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‘Ghost Town’ Returns To Bamenda, Protestors Prepare To Upset Rally 

By Chris Mbunwe

img-20161207-wa0002Angry protestors in Bamenda, Northwest Region, are prepared to disrupt a rally organised by the CPDM to hold today Thursday, December 8.

“We shall see how they will hold that their nonsense here and go free. Even those hired from villages and far off Divisions to come and march here will not have it easy with us.

What they are coming to do here on Thursday is the highest provocation,” The Post overheard one man saying.

The rally organised by some CPDM Ministers, Senators, Parliamentarians, Directors of corporations, contractors, businessmen and others is aimed at pleading with teachers and lawyers to call off the on-going strike.

The raison d’etre for the rally, according to the CPDM elite, is that the children are going to lose a whole academic year when parents paid fees and bought books, while litigants continue to suffer in prisons because lawyers have boycotted court sessions.

According to the communiqué, the CDPM elite do not see the need for the strike to continue when dialogue is on with Government determined to resolve their grievances.

The announcement of the rally, which was read on CRTV and local radio stations and also posted on Social Media, seemed to stir the fury of the people of Bamenda who are supportive of the on-going all Anglophone Lawyers’, Teachers’, Transporters’ and Traders’ strike action.

The rally programmed for 1:00pm at the Bamenda Commercial Avenue grandstand, would be holding in a ghost town-like atmosphere just like in the 90s.

As your reporter moved from one end of the town to another, especially where people were whining away time drinking beer, and local brews such as ‘mbuh, shaa or quacha,’ the CPDM rally was at the centre of every discussion.

The discontented population intimated that it was bracing up to disrupt the rally, using all means at its disposal.

Meanwhile, for those the elite claim are preaching outright independence or federation, Cameroon is one and indivisible, period.

‘Ghost Town’

This week, anti-riot police dispersed demonstrators with huge doses of tear gas and rubber bullets not live ammunition as was the case two weeks ago.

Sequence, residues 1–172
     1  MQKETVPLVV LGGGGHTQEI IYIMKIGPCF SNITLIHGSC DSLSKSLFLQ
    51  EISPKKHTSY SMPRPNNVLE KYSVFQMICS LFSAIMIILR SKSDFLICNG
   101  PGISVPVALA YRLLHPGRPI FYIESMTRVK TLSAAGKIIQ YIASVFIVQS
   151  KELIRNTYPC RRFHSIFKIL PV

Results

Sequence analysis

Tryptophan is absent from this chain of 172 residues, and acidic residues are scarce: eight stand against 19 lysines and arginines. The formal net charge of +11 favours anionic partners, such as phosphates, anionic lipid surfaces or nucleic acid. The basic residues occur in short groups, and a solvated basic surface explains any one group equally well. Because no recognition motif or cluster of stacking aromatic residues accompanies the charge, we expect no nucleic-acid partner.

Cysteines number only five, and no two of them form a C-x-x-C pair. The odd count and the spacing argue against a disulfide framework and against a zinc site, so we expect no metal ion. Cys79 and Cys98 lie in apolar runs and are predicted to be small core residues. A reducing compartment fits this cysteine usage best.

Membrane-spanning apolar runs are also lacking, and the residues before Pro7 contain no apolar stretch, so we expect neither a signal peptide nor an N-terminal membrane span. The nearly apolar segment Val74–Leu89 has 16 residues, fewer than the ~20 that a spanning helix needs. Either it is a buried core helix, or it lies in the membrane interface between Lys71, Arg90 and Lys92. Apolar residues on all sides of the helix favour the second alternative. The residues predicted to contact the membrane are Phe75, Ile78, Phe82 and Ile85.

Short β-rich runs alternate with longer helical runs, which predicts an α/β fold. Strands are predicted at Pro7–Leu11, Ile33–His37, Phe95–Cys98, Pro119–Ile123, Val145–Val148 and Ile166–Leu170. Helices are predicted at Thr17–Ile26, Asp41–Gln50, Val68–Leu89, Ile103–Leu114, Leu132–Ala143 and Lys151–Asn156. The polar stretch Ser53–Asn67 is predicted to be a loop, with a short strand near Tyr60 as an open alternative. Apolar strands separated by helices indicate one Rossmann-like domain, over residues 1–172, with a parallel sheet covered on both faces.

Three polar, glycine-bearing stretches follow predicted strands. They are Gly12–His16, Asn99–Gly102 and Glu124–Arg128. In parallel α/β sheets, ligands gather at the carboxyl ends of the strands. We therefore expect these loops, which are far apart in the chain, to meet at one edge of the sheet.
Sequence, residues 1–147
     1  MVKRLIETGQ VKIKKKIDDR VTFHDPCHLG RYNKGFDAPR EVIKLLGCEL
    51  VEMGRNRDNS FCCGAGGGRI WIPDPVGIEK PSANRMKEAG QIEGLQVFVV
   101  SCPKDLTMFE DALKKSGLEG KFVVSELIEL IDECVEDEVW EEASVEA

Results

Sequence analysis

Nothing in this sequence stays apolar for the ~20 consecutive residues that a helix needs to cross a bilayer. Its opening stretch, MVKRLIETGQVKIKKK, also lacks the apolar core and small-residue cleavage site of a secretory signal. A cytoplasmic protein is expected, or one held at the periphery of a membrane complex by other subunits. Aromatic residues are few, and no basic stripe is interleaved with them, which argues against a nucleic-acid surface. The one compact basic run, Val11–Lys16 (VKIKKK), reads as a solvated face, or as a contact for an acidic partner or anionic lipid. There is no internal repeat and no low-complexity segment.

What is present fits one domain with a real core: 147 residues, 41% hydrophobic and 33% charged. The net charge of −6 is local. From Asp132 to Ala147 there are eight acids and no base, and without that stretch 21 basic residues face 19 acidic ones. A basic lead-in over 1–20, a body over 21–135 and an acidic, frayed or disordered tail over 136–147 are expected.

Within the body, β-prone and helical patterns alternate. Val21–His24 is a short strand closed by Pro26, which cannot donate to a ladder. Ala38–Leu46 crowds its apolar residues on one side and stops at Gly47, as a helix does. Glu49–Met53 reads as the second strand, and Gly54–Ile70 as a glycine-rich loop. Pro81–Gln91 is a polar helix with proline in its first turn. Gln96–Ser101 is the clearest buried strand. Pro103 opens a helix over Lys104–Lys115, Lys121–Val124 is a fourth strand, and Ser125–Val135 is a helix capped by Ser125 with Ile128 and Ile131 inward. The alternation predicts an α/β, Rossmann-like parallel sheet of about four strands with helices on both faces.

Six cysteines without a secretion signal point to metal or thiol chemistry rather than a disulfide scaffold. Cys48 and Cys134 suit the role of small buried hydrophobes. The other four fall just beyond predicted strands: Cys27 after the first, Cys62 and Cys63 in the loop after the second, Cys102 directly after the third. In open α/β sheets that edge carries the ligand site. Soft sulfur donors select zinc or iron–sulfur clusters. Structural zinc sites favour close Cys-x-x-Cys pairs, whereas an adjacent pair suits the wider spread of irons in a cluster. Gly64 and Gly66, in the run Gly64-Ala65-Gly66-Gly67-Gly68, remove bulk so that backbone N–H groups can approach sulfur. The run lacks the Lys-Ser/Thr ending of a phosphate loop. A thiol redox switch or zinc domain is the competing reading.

For three days running, transporters grounded their buses. Chemicals spread from police water cannons at Sonac Street, Food Market, City Chemist, Rendezvous, Mile 2 Junction and Foncha Street have been causing health hazards because the toxic gases make breading difficult.

Slowly and surely, the 1990s ghost town effect has returned to Bamenda.

Troops have been engaged in running battles with protestors mounting road blocks here and there.
The soldiers have been busy clearing the several barricades mounted on the road by irate youths fighting black legs in the on-going strike.

Banks, markets, credit unions, shops along Commercial Avenue, at Nkwen Ntarinkon and Mile Four markets remain closed with their owners watching from a distance.

Women now buy food items as early as 5:00am up to about 9:00 am from the roadsides because trouble starts as from 11:00am when either striking taxi drivers and motorcycle taxi riders start preventing others from working by blocking the roads and pulling passengers out of the taxis.

Prices of basic food items have increased. In extreme cases, unscrupulous faceless persons have taken advantage and are extorting money from individuals at every road block.

Anti-Tear Gas Gadgets Business Booms

As tear gas shooting has become the order of the day so has the number of anti-tear gas gadgets increased.

Some young boys have ferried into Bamenda oiled masks that prevent tear gas from penetrating through.
The masks come with a green lotion, which after application is tied around the nose and mouth to prevent suffocation from the toxic tear gas.

When this product arrived from a neighbouring country it was sold thrice the amount at FCFA 300.

These days, the prices have dropped to FCFA 150 and 100, depending where tear gas is less intense.

Pregnant women, adults and youngsters are buying the gadgets everywhere.
Married Men Forced To Return Home Early

The ghost town might be a nightmare for businesses, but not for some families for which it is a blessing in disguise.

These days, due to an undeclared state of emergency, most married men in Bamenda are forced to return home as early as 6:00 pm; earlier than usual.

A man, who preferred to be called only as Cho, told The Post that he now goes home too early against his will.

“It is difficult to sit and share a drink with friends except on Sundays. Even as I start on one drink or two these fellows with long guns and tear gas troop in, ordering the bar attendant to close.

Each time I arrive home early, my nagging wife and children are always ready to pick up a quarrel as they keep singing praises to the troops to be around for a while to push us away from off-licenses and bars,” Cho said.

Meanwhile, the beer business has slumped considerably as customers who used to drink long into the nights are now forced to retire early.

Prostitutes have also been cleared off the streets in Nkwen, especially T Junction Rendezvous and Hospital Roundabout.